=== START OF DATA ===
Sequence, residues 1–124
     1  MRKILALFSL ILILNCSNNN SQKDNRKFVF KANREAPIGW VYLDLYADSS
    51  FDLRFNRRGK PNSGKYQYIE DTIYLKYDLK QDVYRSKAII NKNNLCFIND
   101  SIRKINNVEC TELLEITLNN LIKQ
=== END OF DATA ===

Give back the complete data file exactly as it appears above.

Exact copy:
Sequence, residues 1–124
     1  MRKILALFSL ILILNCSNNN SQKDNRKFVF KANREAPIGW VYLDLYADSS
    51  FDLRFNRRGK PNSGKYQYIE DTIYLKYDLK QDVYRSKAII NKNNLCFIND
   101  SIRKINNVEC TELLEITLNN LIKQ